Smart phone apps level playing field for comparing prices

Carlos Nedd is shopping for inkjet printers at the Summerlin Costco. He has his eye on an HP Officejet Pro 8500.

More accurately, his eye is on his iPhone, which displays the prices of the same printer online and at other retail stores nearby. (Costco wants $269.99.)

Nedd is one of a growing legion of consumers using smartphones — Internet-enabled cell phones — to comparison-shop inside retail stores. According to a survey conducted in December by GfK Roper Consulting, 30 percent of smartphone owners said they do this.

“I always do it,” says Nedd, a video producer who divides his time between Las Vegas and the San Francisco Bay Area. “I’m an electronics junkie, and I try to get more bang for my buck.”

Before smartphones, retailers held a square advantage. Even consumers who performed thorough Internet research faced potential bait-and-switch advertising, upselling and other sales games once they entered a store.

“Salespeople have a vested interest in trying to sell you the stuff — and maybe some extra cables, some batteries — to go with it,” says Jody Rohlena, senior editor of Consumer Reports’ ShopSmart magazine. “But if you’re doing your own research, you’re making your own decisions about what you need, and that puts the power right in your hand.”

Nedd is comparing prices using his iPhone’s Web browser. He has Googled the printer’s name and is visiting the Web sites that may list it cheaper. But there are apps (smartphone applications) that make the process much easier. With ShopSavvy, PriceGrabber and Red Laser — all of which are free — no typing is necessary. Just hold the phone’s camera lens up to a product’s barcode, wait 10 seconds and see exactly where it’s available for the lowest price — either online or at a nearby store.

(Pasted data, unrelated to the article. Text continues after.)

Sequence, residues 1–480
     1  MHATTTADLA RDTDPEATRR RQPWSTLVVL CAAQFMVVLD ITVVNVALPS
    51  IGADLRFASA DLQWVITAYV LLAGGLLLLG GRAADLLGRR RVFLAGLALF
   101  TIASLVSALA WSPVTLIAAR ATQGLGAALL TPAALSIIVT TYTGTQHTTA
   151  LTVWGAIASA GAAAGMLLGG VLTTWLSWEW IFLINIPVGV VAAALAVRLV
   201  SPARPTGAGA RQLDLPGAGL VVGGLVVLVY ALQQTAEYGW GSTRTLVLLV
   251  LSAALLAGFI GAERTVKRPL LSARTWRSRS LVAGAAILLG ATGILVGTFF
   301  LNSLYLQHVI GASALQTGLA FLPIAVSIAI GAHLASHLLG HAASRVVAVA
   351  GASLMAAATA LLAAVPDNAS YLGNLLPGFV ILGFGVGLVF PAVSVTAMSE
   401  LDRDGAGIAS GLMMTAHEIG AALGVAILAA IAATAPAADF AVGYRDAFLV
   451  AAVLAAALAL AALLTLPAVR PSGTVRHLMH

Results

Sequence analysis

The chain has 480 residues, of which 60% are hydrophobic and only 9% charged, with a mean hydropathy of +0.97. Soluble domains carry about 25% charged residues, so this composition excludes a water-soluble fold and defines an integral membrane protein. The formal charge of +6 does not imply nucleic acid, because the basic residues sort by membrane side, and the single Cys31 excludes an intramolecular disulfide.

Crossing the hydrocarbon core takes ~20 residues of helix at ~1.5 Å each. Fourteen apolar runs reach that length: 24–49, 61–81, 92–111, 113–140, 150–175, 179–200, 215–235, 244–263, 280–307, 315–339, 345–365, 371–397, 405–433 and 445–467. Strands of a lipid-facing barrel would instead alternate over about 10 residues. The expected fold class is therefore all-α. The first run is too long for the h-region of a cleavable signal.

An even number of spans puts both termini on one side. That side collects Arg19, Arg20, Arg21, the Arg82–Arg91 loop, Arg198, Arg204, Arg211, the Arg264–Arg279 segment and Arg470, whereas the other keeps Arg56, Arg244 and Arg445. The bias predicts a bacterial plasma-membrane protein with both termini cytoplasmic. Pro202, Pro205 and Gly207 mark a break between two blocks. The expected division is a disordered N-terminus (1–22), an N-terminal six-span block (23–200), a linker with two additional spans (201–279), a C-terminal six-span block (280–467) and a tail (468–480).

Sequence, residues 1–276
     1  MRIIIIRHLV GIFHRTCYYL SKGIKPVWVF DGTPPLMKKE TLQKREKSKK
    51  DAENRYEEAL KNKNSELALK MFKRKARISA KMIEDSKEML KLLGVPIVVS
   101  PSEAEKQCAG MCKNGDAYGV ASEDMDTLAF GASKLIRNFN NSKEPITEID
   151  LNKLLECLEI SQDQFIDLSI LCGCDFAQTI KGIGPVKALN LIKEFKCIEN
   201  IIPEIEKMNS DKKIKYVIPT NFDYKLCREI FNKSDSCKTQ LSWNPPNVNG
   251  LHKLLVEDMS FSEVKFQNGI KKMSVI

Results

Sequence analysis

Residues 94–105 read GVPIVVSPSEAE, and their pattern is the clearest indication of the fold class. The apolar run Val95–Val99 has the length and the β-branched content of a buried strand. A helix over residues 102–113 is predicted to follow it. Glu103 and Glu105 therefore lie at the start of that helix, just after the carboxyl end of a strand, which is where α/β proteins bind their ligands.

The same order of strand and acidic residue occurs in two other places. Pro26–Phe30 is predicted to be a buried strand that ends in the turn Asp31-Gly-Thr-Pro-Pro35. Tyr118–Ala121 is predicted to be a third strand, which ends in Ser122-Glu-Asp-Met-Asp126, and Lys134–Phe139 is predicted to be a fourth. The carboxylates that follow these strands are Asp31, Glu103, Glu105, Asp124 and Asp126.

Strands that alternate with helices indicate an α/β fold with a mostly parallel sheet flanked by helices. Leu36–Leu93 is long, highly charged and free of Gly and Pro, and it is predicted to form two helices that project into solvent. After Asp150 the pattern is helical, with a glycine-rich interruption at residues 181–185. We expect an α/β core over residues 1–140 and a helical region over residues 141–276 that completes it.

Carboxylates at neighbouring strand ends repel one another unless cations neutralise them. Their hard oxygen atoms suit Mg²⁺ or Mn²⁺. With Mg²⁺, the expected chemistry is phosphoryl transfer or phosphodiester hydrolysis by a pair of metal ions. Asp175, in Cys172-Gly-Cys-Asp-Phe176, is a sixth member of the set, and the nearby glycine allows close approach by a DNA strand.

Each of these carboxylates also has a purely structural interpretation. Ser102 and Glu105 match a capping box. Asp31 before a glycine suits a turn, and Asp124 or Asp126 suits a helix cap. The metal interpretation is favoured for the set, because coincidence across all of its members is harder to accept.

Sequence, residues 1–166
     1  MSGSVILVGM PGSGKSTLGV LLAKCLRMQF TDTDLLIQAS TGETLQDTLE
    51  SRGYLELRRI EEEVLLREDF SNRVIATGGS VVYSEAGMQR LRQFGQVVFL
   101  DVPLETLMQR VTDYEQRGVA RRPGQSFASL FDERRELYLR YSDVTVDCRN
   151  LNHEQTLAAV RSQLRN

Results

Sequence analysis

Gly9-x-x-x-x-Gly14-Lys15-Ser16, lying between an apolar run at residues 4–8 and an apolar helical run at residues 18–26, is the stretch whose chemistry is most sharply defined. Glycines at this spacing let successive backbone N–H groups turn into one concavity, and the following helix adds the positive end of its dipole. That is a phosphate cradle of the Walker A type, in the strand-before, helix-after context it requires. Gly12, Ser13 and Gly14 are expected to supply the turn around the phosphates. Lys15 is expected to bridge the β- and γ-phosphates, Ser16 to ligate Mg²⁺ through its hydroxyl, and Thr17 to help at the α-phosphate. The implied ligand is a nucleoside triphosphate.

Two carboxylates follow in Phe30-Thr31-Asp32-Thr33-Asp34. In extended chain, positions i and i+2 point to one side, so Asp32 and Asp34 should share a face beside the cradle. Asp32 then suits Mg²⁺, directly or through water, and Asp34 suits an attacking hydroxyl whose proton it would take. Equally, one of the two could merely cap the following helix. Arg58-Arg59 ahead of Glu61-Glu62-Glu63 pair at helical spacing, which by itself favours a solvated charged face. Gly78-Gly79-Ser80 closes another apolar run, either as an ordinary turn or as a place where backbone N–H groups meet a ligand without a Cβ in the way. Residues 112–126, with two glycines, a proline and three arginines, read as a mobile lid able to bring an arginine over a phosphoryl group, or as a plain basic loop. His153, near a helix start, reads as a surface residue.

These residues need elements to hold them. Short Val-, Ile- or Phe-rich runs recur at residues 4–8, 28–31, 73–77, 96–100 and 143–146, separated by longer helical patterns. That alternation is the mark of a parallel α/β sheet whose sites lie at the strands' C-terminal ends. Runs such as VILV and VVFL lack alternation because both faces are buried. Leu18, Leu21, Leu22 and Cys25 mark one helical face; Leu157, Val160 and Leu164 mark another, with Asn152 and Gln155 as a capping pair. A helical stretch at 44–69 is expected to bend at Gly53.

And smartphones do more than help shoppers compare prices. They can retrieve product reviews, specs and availability.

Clearly, that square advantage is transferring to the consumer.

“The beauty of it is that it’s right there in your pocket or purse,” Rohlena says. “You whip it out and suddenly, you’ve got all this information at your fingertips.”

The most visible way retailers are responding is with their own apps. Designed to build brand loyalty, these apps facilitate some, but never all, important elements of the shopping experience. (The Target, Macy’s and J.C. Penney smartphone apps alert users to weekly specials, for example, while the Town Square mall app helps customers find parking and displays promotions at its various stores.)

Rewarding points or coupons redeemable for discounts is another popular app feature. Retailers including the Gap, Macy’s and American Eagle Outfitters discount customers who use Facebook’s locations feature to “check in” (identify that they’ve walked into a particular store).

“Everybody’s trying to get into the app arena,” Rohlena says, “and some are more useful than others.”

But one task that no retailer app will perform is the one likely to matter most to consumers: comparing the price of a single item across different retailers.

A smiling Costco saleswoman approaches, attempting to distract Nedd from his iPhone.

“Can I help you with anything?” she asks.

“No, thanks,” Nedd says without looking up.

Nedd has found the HP Officejet Pro 8500 a whopping $70 cheaper, after a rebate, at OfficeMax. (And it’s available for in-store pickup at the Boca Park location. His research confirmed it.)

As the saleswoman walks away, the smile seems to transfer from her face to Nedd’s.

“I guess I’m going to OfficeMax,” Nedd says.

Contact reporter Corey Levitan at clevitan@reviewjournal.com or 702-383-0456.

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